The 6-Minute Walk Test (6MWT) is feasible to use in late pregnancy.pearl
- Alicia Therese Dennis, Marwa Salman, Emma Paxton, Margot Flint, Liz Leeton, Francois Roodt, Steve Yentis, and Robert Anthony Dyer.
- From the Department of Anaesthesia, Royal Women's Hospital, Parkville, Australia.
- Anesth. Analg. 2019 Aug 1; 129 (2): 450-457.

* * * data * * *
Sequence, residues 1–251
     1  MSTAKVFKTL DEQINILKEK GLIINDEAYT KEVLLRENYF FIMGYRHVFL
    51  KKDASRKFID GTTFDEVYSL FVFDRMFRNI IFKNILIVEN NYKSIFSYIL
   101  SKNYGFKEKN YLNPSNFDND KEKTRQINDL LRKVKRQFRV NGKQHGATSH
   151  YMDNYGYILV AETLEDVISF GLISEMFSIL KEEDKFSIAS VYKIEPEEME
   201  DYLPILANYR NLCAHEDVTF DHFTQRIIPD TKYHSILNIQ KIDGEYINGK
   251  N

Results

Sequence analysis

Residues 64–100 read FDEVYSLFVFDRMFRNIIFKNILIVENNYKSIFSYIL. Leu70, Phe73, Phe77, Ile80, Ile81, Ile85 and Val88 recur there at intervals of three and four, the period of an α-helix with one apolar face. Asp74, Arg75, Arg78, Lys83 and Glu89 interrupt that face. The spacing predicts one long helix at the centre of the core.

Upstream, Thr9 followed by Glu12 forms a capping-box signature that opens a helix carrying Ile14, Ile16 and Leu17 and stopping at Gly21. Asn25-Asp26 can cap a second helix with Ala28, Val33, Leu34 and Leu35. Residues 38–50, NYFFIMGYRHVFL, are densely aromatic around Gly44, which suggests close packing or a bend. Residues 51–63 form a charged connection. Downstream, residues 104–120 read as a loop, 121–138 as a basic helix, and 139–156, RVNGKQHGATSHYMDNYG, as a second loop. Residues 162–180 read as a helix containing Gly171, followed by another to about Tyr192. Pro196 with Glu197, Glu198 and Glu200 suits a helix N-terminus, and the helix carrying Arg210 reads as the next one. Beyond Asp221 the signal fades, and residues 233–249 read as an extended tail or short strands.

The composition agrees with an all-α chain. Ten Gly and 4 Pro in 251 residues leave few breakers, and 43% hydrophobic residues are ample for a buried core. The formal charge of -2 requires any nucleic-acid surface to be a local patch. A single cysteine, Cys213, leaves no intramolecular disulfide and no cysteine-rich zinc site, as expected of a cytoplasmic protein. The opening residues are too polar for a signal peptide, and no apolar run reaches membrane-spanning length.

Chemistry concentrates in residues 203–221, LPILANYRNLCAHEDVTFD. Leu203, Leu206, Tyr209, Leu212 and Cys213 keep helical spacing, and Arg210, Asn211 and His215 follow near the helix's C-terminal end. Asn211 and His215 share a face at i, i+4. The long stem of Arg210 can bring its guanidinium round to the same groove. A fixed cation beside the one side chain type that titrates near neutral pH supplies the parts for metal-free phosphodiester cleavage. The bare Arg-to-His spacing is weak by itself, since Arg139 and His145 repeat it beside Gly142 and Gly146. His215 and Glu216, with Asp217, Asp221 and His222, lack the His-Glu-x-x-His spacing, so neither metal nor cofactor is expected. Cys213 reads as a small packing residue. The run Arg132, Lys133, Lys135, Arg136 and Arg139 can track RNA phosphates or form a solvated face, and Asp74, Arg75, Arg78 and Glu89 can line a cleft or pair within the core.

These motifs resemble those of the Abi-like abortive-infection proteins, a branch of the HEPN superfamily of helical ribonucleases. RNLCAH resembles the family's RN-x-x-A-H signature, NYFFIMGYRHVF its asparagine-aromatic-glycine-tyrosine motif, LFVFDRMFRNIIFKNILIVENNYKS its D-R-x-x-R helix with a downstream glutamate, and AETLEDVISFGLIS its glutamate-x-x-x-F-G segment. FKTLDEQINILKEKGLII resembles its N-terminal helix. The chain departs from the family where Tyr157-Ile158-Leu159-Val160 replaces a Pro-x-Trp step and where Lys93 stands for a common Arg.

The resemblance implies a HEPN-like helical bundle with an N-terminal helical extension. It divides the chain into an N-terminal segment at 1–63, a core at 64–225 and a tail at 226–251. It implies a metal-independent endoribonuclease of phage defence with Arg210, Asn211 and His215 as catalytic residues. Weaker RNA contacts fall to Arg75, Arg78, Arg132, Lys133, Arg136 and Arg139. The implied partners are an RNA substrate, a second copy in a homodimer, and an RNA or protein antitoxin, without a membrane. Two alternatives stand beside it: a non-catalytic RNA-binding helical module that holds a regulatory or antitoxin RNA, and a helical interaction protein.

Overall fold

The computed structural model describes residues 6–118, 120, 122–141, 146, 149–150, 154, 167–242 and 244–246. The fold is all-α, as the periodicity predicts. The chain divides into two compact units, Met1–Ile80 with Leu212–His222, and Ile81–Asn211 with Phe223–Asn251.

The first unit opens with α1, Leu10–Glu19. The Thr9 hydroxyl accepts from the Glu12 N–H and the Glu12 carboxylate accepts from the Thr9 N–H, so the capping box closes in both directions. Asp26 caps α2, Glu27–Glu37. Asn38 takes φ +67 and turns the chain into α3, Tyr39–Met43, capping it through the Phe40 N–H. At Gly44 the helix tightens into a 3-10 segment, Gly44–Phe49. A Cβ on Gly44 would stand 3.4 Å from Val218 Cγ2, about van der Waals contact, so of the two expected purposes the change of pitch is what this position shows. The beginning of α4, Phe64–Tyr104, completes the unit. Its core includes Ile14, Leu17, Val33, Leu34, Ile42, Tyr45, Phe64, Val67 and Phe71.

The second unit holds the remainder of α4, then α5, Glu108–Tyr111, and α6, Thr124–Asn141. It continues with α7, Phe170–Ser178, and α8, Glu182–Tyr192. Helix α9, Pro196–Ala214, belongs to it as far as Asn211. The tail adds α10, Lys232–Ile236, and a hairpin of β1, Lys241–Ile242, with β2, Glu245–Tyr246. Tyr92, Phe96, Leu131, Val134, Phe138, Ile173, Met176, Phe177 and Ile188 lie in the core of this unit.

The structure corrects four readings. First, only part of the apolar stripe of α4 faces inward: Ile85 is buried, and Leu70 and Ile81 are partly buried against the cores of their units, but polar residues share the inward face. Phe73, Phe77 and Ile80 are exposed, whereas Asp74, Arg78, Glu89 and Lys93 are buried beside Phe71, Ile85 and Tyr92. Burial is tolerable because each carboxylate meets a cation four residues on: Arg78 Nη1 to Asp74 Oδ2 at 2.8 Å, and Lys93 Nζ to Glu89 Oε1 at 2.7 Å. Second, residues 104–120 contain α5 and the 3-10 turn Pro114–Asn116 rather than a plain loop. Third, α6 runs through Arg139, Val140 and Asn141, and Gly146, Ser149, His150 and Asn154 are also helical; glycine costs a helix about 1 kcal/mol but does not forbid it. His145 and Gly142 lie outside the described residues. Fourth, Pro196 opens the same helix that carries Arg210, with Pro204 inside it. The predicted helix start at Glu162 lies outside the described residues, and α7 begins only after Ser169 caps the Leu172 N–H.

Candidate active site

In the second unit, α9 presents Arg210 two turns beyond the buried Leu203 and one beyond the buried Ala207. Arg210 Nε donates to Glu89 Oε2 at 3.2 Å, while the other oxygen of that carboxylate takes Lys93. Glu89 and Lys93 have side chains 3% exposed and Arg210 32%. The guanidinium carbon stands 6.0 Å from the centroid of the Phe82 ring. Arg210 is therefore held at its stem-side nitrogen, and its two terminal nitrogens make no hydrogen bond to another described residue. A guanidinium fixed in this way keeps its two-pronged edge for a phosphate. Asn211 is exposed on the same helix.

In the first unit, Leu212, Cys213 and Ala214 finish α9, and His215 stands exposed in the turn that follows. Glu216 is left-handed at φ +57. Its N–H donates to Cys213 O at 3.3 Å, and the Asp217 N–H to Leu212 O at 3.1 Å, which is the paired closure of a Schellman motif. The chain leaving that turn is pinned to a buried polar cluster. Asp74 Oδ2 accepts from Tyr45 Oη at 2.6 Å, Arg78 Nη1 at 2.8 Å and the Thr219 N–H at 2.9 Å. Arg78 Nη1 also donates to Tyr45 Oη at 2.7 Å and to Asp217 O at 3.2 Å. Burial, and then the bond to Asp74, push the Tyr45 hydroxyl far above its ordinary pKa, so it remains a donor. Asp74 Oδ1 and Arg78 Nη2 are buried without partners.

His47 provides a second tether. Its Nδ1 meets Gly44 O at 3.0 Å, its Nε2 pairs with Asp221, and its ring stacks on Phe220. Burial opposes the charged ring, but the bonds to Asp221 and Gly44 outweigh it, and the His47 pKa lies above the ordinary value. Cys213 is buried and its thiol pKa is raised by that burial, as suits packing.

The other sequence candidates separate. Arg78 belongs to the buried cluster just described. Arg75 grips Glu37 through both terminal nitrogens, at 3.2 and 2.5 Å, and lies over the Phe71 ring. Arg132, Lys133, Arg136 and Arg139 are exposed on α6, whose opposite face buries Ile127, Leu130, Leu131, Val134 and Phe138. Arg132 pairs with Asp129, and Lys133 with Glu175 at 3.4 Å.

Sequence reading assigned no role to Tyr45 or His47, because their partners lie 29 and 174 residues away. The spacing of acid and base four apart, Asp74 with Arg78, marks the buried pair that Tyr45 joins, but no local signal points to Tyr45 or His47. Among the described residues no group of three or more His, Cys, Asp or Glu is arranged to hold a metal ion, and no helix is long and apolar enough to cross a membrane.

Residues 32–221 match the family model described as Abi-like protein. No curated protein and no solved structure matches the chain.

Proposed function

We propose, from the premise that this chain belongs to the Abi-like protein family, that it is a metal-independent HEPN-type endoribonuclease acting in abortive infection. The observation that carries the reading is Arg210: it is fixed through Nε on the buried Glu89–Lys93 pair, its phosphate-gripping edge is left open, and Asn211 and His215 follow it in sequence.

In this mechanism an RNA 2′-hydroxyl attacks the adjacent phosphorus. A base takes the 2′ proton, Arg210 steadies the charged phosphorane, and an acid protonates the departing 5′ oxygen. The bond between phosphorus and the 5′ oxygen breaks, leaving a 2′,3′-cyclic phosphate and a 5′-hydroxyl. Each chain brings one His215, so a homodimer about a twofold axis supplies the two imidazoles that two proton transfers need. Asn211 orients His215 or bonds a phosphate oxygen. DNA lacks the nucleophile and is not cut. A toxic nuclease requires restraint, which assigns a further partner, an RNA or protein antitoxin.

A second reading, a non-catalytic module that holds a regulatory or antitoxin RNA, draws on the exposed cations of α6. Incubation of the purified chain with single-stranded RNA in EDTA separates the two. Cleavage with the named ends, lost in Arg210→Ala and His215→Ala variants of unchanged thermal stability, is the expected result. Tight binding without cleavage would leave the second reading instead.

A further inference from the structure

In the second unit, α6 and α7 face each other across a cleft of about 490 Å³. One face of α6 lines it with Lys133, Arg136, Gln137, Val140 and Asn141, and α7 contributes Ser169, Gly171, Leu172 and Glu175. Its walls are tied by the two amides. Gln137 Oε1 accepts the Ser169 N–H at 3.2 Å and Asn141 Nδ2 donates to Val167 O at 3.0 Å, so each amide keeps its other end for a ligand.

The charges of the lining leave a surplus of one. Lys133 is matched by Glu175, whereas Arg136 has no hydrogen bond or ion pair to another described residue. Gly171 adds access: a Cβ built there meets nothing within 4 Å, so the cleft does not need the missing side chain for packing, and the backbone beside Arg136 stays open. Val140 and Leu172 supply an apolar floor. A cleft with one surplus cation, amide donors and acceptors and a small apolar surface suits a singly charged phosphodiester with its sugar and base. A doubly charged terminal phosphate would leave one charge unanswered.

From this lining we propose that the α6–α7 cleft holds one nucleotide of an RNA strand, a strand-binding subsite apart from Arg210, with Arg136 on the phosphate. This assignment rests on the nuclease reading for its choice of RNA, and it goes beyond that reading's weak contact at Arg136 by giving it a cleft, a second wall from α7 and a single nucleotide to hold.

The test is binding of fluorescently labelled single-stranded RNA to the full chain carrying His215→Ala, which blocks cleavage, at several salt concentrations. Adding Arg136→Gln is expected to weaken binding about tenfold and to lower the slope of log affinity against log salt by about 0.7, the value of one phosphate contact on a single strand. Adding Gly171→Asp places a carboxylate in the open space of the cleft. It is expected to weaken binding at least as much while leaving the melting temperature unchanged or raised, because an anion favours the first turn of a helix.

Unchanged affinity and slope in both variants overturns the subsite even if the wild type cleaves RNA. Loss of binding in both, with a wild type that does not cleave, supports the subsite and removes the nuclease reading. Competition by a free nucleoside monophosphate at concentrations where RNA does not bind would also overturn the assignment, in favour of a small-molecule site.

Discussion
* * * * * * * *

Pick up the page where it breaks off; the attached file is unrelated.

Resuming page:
BackgroundCardiac disease is the leading cause of maternal death. Assessment of cardiovascular fitness is important in pregnant women because it is linked to increased risk of cardiac disease but is rarely undertaken or studied. The 6-Minute Walk Test (6MWT) is a safe exercise test but is not used in pregnancy. We determined the 95% reference interval for resting heart rate (HR) and distance walked for the 6MWT, as well as hemodynamic recovery variables, and quantified expectations and actual experiences of exertion and breathlessness with exercise in late pregnancy.MethodsAfter institutional research board approval (Australian and New Zealand Clinical Trials Registry Number: 12615000964516), 300 healthy term nulliparous pregnant women performed the 6MWT at 3 tertiary referral obstetric hospitals using a standardized protocol. Each woman underwent two 6MWT with maximum 15-minute recovery period after each test. Hemodynamic variables were measured at rest and after exercise. Participants were asked 4 questions, 2 regarding expectation and 2 regarding actual experience, using the Rating of Perceived Exertion scale and Modified Borg Dyspnea scale.ResultsParticipant characteristics and resting variables were mean (standard deviation [SD]); age, 31 years (4.2 years); body mass index, 27 kg/m (2.9 kg/m); gestational age, 37 weeks (1.3 weeks); HR, 85 bpm (10.8 bpm) with 95% reference interval 64-106 bpm; systolic blood pressure, 112 mm Hg (10.2 mm Hg); diastolic blood pressure, 72 mm Hg (8.6 mm Hg); oxygen saturation, 98% (0.9%); and respiratory rate, 18 breaths/min (5.7 breaths/min). The mean (SD) average distance walked was 488 m (94.9 m) with a speed of 3.0 mph (0.64 mph) with a 95% reference interval of 302-674 m. The mean (SD) HR increase with exercise was 12 bpm (11.0 bpm) with a median [quartile] recovery time of 5.0 minutes [1-8 minutes]. A lower resting HR was associated with increased distance walked (r = -0.207; 95% confidence interval, -0.313 to -0.096; P < .001). A greater HR change with exercise was associated with increased recovery time from exercise (r = 0.736; 95% confidence interval, 0.697-0.784; P < .001). Sixty-three percent and 83% of participants, respectively, expected to be more exerted and breathless than they actually were with exercise.ConclusionsThe 6MWT is feasible and applicable in term pregnant women. The reference intervals for resting HR and distance walked in the 6MWT have been generated. HR increases by approximately 12 bpm with submaximal exercise, and half of the women recovered within 5 minutes of submaximal exercise. Women expected to be more exerted and breathless than they actually were with exercise.
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